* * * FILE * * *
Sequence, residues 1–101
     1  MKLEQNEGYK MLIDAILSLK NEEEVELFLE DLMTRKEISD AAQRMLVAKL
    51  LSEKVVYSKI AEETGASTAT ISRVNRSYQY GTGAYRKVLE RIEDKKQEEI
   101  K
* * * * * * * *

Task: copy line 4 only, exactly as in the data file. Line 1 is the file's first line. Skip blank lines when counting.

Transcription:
   101  K